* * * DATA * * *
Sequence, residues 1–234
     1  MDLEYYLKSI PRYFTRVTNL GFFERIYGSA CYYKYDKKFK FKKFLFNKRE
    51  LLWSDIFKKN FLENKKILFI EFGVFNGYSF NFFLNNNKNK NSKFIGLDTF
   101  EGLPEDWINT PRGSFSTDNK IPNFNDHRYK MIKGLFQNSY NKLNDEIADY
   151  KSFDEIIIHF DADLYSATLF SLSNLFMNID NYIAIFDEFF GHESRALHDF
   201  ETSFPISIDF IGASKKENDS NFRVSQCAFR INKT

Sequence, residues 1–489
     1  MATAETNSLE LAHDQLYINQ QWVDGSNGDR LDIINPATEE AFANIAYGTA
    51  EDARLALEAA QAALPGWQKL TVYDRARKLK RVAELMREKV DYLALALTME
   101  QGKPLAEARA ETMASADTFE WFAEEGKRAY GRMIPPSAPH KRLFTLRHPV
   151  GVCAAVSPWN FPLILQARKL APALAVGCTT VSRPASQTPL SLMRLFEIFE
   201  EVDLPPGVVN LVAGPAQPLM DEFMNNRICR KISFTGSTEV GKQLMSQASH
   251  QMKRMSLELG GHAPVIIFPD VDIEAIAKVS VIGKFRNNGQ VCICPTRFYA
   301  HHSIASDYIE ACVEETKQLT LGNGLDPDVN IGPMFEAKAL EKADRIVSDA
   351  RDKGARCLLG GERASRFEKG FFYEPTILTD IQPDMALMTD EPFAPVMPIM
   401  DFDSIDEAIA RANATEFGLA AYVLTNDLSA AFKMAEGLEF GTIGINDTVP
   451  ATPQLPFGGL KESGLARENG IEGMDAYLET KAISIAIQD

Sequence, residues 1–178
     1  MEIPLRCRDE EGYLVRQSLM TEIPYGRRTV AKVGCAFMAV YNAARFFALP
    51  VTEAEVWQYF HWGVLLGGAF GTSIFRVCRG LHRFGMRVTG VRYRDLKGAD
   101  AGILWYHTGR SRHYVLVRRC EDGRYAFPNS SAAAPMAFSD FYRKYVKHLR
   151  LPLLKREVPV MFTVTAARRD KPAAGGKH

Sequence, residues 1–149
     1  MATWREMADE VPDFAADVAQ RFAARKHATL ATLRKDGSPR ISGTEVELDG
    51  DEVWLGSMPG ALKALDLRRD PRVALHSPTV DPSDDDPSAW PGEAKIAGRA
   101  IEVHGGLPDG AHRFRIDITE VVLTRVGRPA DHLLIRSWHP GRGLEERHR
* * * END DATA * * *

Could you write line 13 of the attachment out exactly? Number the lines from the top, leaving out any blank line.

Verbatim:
   251  QMKRMSLELG GHAPVIIFPD VDIEAIAKVS VIGKFRNNGQ VCICPTRFYA